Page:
A million and one professionals bought into this theme, and made the mistake of thinking the worst-case scenario for the credit markets was baked in back in June.
By mid-July, the bloodletting in the financial sector revealed giant writedowns being charged against earnings for huge exposure to subprime debt at the biggest banks and Wall Street firms. The rest is history, which is still being written to date.
Typically, when the economy enters a recession, companies that are in the consumer non-durable sector, i.e., consumer staples, see their stocks trade higher as money flows into bulletproof subsectors of the economy that don't suffer from spending cuts.
Companies like Proctor & Gamble (NYSE: PG), Heinz (NYSE: HNZ), Hormel (NYSE: HRL), Kraft (NYSE: KFT), General Mills (NYSE: GIS), Johnson & Johnson (NYSE: JNJ), Pepsi (NYSE: PEP), Coca-Cola (NYSE: KO), Campbell Soup (NYSE: CPB), Colgate-Palmolive (NYSE: CL) and even Berkshire Hathaway (NYSE: BRK.B), which was down a whopping 49% before getting a year-end bounce.
I think Warren needs to get off TV and get back to work.
My point here is that all of these fortress names got beat up to the tune of 30% to 50% when they were supposed to be the go-to names that would put in a stealth rally in a bear market.
Seems the kitchen and bathroom stocks didn't work this time around.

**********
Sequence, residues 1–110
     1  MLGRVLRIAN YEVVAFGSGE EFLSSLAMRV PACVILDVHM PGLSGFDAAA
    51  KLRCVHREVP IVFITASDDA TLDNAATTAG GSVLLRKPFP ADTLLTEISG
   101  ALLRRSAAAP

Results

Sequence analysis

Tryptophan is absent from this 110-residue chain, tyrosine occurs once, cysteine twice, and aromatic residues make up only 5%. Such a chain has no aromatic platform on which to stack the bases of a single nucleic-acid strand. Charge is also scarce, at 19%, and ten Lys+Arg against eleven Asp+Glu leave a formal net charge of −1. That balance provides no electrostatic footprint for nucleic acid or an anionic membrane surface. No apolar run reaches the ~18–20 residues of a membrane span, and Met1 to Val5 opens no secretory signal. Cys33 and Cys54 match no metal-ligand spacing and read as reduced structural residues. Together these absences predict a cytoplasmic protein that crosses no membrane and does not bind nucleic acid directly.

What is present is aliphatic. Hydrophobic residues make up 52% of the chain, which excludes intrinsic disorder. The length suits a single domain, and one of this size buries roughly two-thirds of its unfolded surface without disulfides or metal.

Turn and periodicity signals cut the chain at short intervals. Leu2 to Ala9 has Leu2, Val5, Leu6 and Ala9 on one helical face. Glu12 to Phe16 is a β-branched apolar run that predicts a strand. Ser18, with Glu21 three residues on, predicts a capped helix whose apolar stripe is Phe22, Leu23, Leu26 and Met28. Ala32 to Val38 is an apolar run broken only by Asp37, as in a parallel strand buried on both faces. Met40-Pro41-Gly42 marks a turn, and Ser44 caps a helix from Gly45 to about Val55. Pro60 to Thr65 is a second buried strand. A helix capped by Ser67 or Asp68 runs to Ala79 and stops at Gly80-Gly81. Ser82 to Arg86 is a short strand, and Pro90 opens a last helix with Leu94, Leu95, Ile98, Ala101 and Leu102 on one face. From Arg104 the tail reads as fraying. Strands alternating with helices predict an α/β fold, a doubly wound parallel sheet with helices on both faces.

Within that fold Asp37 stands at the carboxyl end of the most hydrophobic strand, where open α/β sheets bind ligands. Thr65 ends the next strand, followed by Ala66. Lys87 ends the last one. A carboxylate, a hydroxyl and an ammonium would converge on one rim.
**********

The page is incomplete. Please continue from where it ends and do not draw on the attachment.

Many people believed the Beijing Olympics would spark a multi-year bull market for China.
Leading up to the summer Olympics, the best think tanks in the world were putting out glowing reports of a new juggernaut economy that would lap the United States in a few short years.
At the start of the games, the Chinese market quickly came unglued.
Several ETFs that gave investors indexed exposure to Chinese stocks saw their values get hit for as much as 70%.
The iShares Xinhua/FTSE China 25 Index Fund (NYSE: FXI), which was listed by Barclays Global Investors in October 2004, is the most widely traded of all the China-related securities listed in the United States.
The ETF gained 83% in 2006 alone, but the bull run came to a sudden end in late 2007, and the ETF suffered a massive correction.
The FXI saw its shares dive by 50% in the months following the Olympics.
If you made a bet on the specialty retailers leading up to the first $600 taxpayer rebate stimulus package, you got hammered.
Talk about a government plan backfiring big time.
That $300 billion in checks that fell out of the sky from government helicopters back in the March to May timeframe didn't find its way to the malls at all.
Instead, people paid down credit card debt, and tuition, medical and other bills, leaving little for spending on non-essentials.
The result was a litany of store closings nationwide, with several old-line, brand-name retailers going out of business.
It's game over for names like Circuit City (OTC: CCTYQ), Cache (NASDAQ: CACH), Talbots (NYSE: TLB), J. Jill, Wickes Furniture, Levitz, Bombay, Linens 'n Things, Movie Gallery, Wilson Leather, KB Toys and The Sharper Image.
Traders that leveraged into darling names, like hedge fund idol Eddie Lampert's Sears Holdings Corp. (NASDAQ: SHLD), got smoked. Shares of SHLD were trading at $105 when the checks when out. Today the stock is around $40.